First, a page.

Posted By: Mike Rodbard
June 9, 2009
Our beloved boys in blue pin stripes continue on their 8-game road trip today with a stop at Minute Maid (formerly Enron Field - suckers!) Park to play the Houston Astros.
Hide your wallets!
That directive is, of course, aimed at the fans.
I bring this up so that you can save yourselves from, well, yourselves. Before you fork over the big bucks that MLB deems appropriate for attending one of their events (tickets, dogs, and drinks will likely set you back a cool portrait of Ben Franklin, minimum), I urge you to think about some things that have been printed in the news recently. Particularly in the Chicago Sun-Times.
When I picked up the morning's rag yesterday, a few headlines really stood out:
"Movin' on Up...victory catapults Cubs into 3rd place."
3rd place? Catapults? Oooh. Ahhh. Real progress. We're in the crappiest, weakest, division in baseball, and we should be excited about 3rd place? The Pittsburgh Pirates, darling dwellers of the cellar, have already started selling their talent, and it's only the 2nd week of June. They aren't even waiting for the All-Star break. They've unloaded their star player, 5-tool center-fielder Nate McLouth to the Atlanta "we constantly make the playoffs but can't sell out" Braves.
The Braves traditionally make moves designed to help them win right now, so kudos to them.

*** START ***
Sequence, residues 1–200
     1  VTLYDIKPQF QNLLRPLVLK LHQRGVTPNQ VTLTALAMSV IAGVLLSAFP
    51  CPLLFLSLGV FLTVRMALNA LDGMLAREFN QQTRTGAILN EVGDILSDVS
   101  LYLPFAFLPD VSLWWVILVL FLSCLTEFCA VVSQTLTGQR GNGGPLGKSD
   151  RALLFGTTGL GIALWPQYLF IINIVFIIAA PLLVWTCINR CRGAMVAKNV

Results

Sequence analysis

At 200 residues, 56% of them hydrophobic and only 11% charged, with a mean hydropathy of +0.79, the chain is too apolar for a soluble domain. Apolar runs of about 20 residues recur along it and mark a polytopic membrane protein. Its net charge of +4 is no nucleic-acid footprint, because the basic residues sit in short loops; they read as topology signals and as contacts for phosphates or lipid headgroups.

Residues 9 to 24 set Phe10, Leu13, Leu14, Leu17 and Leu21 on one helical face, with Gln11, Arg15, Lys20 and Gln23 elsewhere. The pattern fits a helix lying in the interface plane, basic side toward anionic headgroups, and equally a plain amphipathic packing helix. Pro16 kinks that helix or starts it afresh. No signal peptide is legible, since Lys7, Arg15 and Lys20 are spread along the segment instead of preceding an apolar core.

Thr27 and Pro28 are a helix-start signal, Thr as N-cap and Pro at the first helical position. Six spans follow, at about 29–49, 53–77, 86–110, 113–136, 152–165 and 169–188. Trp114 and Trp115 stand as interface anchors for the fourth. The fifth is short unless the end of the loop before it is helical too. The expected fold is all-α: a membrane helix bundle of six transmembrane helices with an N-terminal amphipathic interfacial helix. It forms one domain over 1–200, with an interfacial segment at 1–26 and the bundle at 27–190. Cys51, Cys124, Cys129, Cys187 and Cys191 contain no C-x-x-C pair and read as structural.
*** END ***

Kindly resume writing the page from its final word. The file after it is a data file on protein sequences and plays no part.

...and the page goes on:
The Cubs? Hey, we're in 3rd place now, so raise another glass to Harry's statue (sans dead goat.)
The White Sox, by the way, are in 3rd place too. I don't exactly see dancers or trumpeters on the South Side.
"Soriano breaks out in a big way."
Really? OK, he hit a homer on Sunday which happened to be the winning hit. Great. But, at the time, he was (and probably still is) in a colossal slump. Before that particular display of touch-'em-all, according to the Sun-Times, he was "mired in a 10-for-72 slide (.139) that was into its 17th game and included only one home run." His average for the season is .241.
I wrote last week about the occasional homers big Al can hit. OCCASIONAL!
Worth every penny of his $136 million contract, no?
Then there's the continuing saga of Carlos Zambrano, the alleged ace of the pitching staff. Yes, he was great over the weekend. He really has the stuff that makes a pro ballplayer.
But he also hinted (stated, actually) that after his current $91 million contract is over, he's outta here. Says he'll retire. You know, too many missed Mothers' Days and birthday parties and apparently occasionally lost belongings on the road and whatever other burdens his $91 million contract has brought him.
Can you say un-motivated?
I suppose with that kind of bread, I'd consider retiring too. Perhaps to a Venezuelan beach town. But my day job is not nearly as lucrative. Professional musician wages don't come close to professional, mediocre ballplayers'. We work Mothers Day, Fathers Day, Thanksgiving Day, Independence Day, and Labor Day. We miss a lot of important, personal events because of our career choices. And you can bet that we misplace more than a few personal things between rehearsal spaces, road transportation, hotels, and a variety of dark performance spaces. And we do it for hundreds, at best - not millions.
So, if he's talking about his retirement already, while still in his 20s, then that means that he has already mentally departed from the North Side.
Whatever. I say let him go. Might as well do it now. It's not like we've won anything WITH him on the team.
I'm sure Atlanta would take him, happily.
Read more about what Mike Rodbard has to say about life, and music, in Chicago, on his own blog, So it Goes...